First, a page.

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To: Resolute Conservative

Wasn’t it Arthur Laffer who argued that increased economic growth due to tax cuts would deliver more revenue that would help cushion the impact of reduced revenue collection?


6 posted on 07/08/2014 11:35:18 AM PDT by SeekAndFind
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To: SeekAndFind

I don’t see any deficits.


7 posted on 07/08/2014 11:36:21 AM PDT by SoCal Pubbie
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To: SeekAndFind

whats actual tax revenue. the surplus information don’t prove or disprove tax cut is the cause of the bankruptcy. It could be overspending


8 posted on 07/08/2014 11:37:37 AM PDT by 4rcane
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To: SoCal Pubbie

I think they’re PROJECTING deficits by looking at the trend.


9 posted on 07/08/2014 11:37:54 AM PDT by SeekAndFind
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To: SoCal Pubbie

Same here; I still see a surplus. What’s the problem? How can they not “pay their bills” and still have a surplus?


10 posted on 07/08/2014 11:38:00 AM PDT by Doctor 2Brains
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To: SeekAndFind

Cheerleading from liberal groups like Amer for Tax Reform (pro Amnesty, pro Islamic Terrorist), CATO (Amnesty Liberal, Open Borders Liberal, One World Liberal), and Bill Kristol (all liberal)....doesn’t help the Conservative pedigree

Surprised Chamber of Communists hasn’t chimed in


11 posted on 07/08/2014 11:38:49 AM PDT by DisorderOnBorder (Haley Barbour rather work for drug cartels than Americans)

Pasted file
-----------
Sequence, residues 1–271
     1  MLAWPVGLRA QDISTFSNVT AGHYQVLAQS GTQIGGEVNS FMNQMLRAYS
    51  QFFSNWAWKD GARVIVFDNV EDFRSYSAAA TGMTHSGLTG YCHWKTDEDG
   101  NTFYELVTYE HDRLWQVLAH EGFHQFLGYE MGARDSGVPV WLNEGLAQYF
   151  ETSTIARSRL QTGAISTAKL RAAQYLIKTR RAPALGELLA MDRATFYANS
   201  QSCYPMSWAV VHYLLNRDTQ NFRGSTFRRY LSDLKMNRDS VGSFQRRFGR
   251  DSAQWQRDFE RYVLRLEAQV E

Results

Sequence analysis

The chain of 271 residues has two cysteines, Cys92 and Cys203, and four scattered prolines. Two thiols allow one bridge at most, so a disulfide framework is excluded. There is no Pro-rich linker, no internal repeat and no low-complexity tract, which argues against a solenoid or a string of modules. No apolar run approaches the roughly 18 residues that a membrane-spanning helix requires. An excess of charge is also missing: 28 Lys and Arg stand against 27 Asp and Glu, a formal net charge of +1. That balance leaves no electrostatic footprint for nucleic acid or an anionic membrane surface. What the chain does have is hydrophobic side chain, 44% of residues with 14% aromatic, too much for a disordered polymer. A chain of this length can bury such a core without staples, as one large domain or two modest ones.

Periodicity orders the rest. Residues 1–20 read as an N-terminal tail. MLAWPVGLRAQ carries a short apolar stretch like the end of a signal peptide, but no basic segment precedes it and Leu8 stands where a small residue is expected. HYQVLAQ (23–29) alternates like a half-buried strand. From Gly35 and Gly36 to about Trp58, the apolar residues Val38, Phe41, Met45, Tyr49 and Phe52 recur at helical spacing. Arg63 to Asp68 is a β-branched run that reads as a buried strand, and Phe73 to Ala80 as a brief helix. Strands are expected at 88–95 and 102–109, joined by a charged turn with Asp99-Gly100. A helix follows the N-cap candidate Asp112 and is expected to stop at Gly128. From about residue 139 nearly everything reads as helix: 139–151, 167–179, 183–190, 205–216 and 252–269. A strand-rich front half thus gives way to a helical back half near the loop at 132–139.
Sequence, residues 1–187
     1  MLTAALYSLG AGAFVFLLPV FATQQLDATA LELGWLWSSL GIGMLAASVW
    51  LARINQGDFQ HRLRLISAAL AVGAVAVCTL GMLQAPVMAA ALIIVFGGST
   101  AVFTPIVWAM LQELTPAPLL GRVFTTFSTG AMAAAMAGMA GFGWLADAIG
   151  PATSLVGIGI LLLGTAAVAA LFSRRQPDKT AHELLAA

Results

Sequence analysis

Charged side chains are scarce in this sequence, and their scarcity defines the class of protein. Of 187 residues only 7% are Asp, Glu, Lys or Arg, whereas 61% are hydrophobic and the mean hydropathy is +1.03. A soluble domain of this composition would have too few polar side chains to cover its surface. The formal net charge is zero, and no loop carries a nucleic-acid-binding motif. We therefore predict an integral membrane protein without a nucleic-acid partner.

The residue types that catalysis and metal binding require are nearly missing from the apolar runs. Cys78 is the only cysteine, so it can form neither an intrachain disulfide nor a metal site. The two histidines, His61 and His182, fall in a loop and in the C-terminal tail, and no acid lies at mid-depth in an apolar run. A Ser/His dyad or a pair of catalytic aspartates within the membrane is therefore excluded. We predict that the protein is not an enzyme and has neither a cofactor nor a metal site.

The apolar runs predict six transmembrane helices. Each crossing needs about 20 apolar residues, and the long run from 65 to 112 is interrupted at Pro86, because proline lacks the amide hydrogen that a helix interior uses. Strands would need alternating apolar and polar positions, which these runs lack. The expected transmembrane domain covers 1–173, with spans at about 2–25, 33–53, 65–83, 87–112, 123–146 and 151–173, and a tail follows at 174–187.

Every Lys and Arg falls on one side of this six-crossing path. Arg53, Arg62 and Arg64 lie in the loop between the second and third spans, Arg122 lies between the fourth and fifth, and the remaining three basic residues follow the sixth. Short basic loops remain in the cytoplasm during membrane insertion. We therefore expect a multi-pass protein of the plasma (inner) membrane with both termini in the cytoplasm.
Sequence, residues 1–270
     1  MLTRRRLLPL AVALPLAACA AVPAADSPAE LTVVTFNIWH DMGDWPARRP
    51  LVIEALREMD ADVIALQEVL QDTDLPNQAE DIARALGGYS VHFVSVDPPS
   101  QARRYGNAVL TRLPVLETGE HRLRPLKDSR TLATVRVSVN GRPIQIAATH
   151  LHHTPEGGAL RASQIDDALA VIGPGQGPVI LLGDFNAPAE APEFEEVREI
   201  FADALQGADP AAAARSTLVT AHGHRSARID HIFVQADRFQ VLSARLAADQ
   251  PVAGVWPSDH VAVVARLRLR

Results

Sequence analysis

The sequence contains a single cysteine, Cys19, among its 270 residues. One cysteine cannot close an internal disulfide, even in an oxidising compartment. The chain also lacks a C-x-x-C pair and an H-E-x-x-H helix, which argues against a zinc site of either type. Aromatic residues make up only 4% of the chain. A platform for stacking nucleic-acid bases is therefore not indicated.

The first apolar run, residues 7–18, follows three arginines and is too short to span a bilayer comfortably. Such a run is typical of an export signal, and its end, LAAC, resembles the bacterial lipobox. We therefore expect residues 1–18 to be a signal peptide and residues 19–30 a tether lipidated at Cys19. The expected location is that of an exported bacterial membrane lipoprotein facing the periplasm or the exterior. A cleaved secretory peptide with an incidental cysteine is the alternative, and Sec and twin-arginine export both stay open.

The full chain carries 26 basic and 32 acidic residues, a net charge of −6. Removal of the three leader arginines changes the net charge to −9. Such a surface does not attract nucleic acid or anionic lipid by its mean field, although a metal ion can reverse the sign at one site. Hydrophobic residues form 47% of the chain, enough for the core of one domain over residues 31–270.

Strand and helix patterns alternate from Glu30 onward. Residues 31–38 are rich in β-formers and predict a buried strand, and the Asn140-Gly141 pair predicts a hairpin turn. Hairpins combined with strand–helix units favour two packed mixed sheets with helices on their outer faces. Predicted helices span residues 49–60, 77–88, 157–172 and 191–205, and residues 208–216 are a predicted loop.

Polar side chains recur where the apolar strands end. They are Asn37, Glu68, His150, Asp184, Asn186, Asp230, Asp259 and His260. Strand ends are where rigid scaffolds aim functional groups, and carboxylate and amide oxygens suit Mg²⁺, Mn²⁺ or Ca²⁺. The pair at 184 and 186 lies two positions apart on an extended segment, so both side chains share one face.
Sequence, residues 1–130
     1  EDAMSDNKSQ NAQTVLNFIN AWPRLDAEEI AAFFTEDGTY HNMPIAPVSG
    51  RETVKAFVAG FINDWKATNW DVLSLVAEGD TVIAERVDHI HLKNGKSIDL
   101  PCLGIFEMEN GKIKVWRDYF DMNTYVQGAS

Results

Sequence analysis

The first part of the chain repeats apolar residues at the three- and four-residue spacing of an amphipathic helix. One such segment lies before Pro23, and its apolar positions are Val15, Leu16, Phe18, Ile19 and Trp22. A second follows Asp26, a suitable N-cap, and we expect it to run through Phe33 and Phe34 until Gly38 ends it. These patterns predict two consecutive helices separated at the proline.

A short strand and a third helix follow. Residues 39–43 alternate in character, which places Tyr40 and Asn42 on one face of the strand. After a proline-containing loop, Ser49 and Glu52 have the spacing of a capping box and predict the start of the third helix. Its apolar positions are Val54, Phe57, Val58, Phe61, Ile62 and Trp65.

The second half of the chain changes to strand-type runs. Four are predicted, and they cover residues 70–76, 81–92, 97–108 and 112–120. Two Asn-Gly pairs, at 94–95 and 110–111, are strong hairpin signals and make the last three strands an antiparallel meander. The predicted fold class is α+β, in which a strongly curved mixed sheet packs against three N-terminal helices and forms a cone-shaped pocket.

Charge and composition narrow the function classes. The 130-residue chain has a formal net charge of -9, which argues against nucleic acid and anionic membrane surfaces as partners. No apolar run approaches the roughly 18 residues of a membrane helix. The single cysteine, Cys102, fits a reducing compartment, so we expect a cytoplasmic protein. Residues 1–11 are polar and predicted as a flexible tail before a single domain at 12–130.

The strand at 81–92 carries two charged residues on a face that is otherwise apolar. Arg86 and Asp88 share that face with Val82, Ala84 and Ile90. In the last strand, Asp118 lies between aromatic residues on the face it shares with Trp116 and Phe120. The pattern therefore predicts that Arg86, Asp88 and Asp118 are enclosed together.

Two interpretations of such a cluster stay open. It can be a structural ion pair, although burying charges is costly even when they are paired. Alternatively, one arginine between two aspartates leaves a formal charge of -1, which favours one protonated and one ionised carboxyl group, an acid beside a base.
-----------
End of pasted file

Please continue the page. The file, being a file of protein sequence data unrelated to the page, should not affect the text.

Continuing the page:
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To: SeekAndFind

So, the budget surplus is declining, but still there.....

Why exactly is that a bad thing...the more excess revenue, the more wasteful spending.

If the government is taking in more than it’s spending, it should not only cut taxes to trim the surplus for the next year, it should rebate the excess to prevent its’ waste.

And yes...merely voicing that point of view makes me an extremist.


12 posted on 07/08/2014 11:39:30 AM PDT by rottndog ('Live Free Or Die' Ain't just words on a bumber sticker...or a tagline.)
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To: SeekAndFind

I second what others have said. A true conservative cuts spending in addition to taxes. If he cut taxes and kept spending like a George Bush-type Compassionate Conservative, then he is a failure.


13 posted on 07/08/2014 11:40:16 AM PDT by Opinionated Blowhard ("When the people find they can vote themselves money, that will herald the end of the republic.")
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To: SeekAndFind